state has been dismissed and another action involving the
same subject matter is afterward brought between the same
parties or their representatives or successors in interest,
all depositions lawfully taken and duly filed in the former
action may be used in the latter as if originally taken for
(6) If a civil action is afterward brought, all depositions
lawfully taken in a medical liability mediation proceeding
may be used in the civil action as if originally taken for
(b) Objections to Admissibility. Subject to the
provisions of rule 1.300(b) and subdivision (d)(3) of this
rule, objection may be made at the trial or hearing to
receiving in evidence any deposition or part of it for any
reason that would require the exclusion of the evidence if
the witness were then present and testifying.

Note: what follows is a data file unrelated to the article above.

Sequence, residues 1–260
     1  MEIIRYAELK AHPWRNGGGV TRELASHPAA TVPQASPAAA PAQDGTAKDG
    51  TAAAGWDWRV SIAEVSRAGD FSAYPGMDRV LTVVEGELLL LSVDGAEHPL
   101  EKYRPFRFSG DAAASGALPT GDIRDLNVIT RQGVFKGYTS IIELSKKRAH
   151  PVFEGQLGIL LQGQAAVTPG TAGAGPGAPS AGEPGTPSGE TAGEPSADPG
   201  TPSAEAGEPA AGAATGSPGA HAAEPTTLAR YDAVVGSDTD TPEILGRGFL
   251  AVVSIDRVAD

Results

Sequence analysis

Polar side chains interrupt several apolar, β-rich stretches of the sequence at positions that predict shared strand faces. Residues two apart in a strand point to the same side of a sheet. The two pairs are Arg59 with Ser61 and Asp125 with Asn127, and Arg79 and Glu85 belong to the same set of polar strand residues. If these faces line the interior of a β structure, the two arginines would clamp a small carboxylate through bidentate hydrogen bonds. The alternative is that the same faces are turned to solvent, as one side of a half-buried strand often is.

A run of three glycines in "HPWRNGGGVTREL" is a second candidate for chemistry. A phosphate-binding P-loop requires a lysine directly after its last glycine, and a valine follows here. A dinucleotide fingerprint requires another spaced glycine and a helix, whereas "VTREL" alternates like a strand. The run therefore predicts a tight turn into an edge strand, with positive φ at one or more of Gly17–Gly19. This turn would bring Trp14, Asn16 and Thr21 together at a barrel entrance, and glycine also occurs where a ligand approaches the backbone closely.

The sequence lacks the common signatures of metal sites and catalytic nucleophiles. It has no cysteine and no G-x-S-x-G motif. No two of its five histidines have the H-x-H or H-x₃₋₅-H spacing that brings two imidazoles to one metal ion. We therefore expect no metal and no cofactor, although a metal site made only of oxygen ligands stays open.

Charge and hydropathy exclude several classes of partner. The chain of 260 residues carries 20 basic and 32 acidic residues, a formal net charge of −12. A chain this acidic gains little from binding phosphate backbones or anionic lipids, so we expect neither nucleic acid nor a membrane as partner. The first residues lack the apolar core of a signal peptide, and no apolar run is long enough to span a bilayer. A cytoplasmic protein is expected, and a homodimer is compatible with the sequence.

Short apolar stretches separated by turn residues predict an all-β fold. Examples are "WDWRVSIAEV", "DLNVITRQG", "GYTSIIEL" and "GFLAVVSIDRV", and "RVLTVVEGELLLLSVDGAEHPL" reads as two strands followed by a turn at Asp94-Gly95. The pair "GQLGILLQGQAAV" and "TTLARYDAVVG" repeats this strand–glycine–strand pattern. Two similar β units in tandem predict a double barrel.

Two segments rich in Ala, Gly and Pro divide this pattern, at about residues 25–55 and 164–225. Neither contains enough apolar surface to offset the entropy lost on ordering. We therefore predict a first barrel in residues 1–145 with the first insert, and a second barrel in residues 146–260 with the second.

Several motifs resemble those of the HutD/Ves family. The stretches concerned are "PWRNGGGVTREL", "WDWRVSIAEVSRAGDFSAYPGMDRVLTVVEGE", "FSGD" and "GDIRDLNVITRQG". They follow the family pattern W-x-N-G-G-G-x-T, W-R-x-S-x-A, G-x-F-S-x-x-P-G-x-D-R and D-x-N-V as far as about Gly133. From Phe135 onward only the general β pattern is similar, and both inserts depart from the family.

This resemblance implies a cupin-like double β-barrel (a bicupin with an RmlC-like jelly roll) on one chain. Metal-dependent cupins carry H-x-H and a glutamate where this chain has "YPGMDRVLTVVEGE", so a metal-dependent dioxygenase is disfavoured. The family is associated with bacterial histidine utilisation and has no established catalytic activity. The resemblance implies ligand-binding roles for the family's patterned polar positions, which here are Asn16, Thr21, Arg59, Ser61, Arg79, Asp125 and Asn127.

(c) Effect of Taking or Using Depositions. A party
does not make a person the party's own witness for any
purpose by taking the person's deposition. The introduction
in evidence of the deposition or any part of it for any
purpose other than that of contradicting or impeaching the
deponent makes the deponent the witness of the party
introducing the deposition, but this shall not apply to the
use by an adverse party of a deposition under
subdivision (a)(2) of this rule. At the trial or hearing any
party may rebut any relevant evidence contained in a
deposition whether introduced by that party or by any other
(d) Effect of Errors and Irregularities.
(1) As to Notice. All errors and irregularities in the
notice for taking a deposition are waived unless written
objection is promptly served upon the party giving the
(2) As to Disqualification of Officer. Objection to